The User/Submitter service touts itself as a site "where Digg submitters pay for Digg users to promote their stories. And, where Digg users make easy money."
Digg is a social bookmarking service where users can submit stories and vote for content that they like. Submissions that garner enough interest are promoted to the service's front page, which typically leads to a spike in traffic.
The User/Submitter site offers Digg users 10 dollar cents for every 'digg' they issue to listed stories. The publishers of those stories are then charged a base fee of US$20 plus US$1 per Digg.
It is unclear if the service offers a genuine product or is a hoax. In a test by vnunet.com, we were able to create an account with the service and were presented with a list of stories that we should vote on. However we were unable to verify if those stories had recruited the services of User/Submitter or were just random links pulled from the Digg.com website.
User/Submitter didn't respond to several requests for comment.
Digg charged that User/Submitter is manipulating a voting systems whose credibility is a crucial part of the user-driven media site.
"The concept of compensating an individual or individuals to Digg specific stories is certainly against the principles Digg was built on and it’s community," Digg chief executive Jay Adelson said in an email to vnunet.com
Adelson said that Digg is constantly looking for ways to prevent fraud schemes in its voting system and added that the service is considering legal actions against the service.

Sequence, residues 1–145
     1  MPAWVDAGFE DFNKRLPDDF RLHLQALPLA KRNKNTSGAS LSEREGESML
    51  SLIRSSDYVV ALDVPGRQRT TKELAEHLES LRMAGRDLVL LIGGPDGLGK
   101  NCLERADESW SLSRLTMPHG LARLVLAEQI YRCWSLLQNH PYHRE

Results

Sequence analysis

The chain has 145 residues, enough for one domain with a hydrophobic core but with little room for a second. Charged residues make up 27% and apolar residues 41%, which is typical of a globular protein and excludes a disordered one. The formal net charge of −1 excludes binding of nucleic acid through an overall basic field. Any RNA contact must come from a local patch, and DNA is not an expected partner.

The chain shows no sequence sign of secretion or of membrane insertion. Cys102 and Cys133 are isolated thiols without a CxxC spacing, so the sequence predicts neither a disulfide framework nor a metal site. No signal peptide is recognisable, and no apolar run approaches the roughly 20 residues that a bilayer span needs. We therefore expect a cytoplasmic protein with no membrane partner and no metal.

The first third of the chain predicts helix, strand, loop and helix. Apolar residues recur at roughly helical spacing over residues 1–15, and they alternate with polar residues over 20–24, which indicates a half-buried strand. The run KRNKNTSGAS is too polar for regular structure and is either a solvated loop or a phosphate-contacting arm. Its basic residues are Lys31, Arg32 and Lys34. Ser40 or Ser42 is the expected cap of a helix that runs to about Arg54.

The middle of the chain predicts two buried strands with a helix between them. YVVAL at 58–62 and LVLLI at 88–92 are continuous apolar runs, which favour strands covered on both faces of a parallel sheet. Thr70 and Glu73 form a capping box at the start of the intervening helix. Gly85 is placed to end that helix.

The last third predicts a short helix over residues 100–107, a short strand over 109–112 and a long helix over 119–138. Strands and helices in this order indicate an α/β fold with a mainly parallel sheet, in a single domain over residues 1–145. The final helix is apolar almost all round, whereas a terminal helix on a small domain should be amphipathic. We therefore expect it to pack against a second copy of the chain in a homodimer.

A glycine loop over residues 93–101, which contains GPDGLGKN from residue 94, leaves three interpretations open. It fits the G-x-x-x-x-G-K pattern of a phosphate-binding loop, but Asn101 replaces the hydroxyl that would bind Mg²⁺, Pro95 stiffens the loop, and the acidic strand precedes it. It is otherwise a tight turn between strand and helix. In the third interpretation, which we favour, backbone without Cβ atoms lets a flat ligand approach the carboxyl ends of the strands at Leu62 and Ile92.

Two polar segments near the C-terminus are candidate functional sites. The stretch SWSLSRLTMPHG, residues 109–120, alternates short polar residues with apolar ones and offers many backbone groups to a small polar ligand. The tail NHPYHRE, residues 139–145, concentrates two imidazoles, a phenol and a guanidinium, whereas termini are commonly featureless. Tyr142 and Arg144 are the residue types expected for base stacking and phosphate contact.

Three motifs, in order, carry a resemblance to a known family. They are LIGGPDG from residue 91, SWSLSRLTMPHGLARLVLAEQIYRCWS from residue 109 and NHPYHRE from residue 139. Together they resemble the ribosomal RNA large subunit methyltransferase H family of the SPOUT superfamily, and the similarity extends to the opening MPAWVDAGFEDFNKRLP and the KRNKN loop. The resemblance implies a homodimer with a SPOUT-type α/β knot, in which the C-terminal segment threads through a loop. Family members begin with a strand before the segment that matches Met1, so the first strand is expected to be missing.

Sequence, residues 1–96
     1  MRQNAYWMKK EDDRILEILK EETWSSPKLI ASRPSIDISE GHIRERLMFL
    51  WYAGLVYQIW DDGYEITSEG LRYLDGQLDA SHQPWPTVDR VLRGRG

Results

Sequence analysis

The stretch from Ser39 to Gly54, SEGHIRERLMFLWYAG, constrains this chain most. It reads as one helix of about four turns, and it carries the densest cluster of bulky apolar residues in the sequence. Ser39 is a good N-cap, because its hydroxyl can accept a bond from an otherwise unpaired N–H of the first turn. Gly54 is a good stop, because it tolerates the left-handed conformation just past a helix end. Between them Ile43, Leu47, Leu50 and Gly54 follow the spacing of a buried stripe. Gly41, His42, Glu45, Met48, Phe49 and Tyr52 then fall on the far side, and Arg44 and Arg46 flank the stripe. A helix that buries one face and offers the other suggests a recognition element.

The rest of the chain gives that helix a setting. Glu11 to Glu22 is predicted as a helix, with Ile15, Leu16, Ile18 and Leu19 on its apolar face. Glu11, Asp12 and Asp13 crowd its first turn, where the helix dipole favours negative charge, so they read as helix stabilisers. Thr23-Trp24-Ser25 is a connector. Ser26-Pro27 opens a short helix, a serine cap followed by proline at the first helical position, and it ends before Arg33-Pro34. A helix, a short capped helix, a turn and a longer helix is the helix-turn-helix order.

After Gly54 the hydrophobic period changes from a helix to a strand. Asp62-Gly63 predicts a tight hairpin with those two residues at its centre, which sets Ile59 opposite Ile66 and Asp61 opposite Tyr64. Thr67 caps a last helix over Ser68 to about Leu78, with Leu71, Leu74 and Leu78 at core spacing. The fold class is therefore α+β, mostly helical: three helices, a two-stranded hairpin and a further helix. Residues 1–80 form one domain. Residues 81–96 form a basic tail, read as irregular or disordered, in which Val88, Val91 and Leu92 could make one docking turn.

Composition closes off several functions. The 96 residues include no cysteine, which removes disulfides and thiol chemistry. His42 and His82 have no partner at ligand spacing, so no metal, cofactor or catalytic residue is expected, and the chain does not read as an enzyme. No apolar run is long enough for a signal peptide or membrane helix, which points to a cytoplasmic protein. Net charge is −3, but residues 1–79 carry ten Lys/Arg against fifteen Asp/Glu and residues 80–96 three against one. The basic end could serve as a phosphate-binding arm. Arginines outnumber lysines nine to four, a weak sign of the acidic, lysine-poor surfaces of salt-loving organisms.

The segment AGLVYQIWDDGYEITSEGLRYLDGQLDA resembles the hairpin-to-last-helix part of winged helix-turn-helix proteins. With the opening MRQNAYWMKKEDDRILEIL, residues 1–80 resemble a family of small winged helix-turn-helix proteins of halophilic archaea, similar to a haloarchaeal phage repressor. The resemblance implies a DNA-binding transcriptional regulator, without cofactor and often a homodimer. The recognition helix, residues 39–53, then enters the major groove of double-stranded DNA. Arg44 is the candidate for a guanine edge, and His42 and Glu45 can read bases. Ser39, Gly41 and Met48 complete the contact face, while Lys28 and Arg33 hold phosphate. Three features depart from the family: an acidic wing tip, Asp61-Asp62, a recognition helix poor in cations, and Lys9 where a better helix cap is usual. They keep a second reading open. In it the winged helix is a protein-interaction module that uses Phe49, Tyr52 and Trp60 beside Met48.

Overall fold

The battle between creators of voting sites and people looking to profit from manipulating them is only going to get worse, according to Jupiter Research analyst Barry Parr.
"As the sites become more influencial, you see something like an arms race for these people that want to spam them," Parr told vnunet.com.
Parr pointed out Netscape's user-driven media site as an example of how voting systems are being manipulated.
"You're definitely seeing an effort to promote political stories [on Netscape] both from the right and the left," said Parr.
There also are known cases of users manipulating or 'gaming' the Digg voting system.
Digg does have safeguards in place designed to prevent users from stuffing ballots. "Digg has many elements baked into its proprietary algorithm that are designed to prevent fraud, and Digg will continue to add new elements as new abuses emerge," said Adelson.
It appears as if some of those new elements are already in place. The vnunet.com test account was disabled within hours of posting diggs for User/Submitter stories.
- Silicon Valley Sleuth: Calling hoax on pay-per-digg service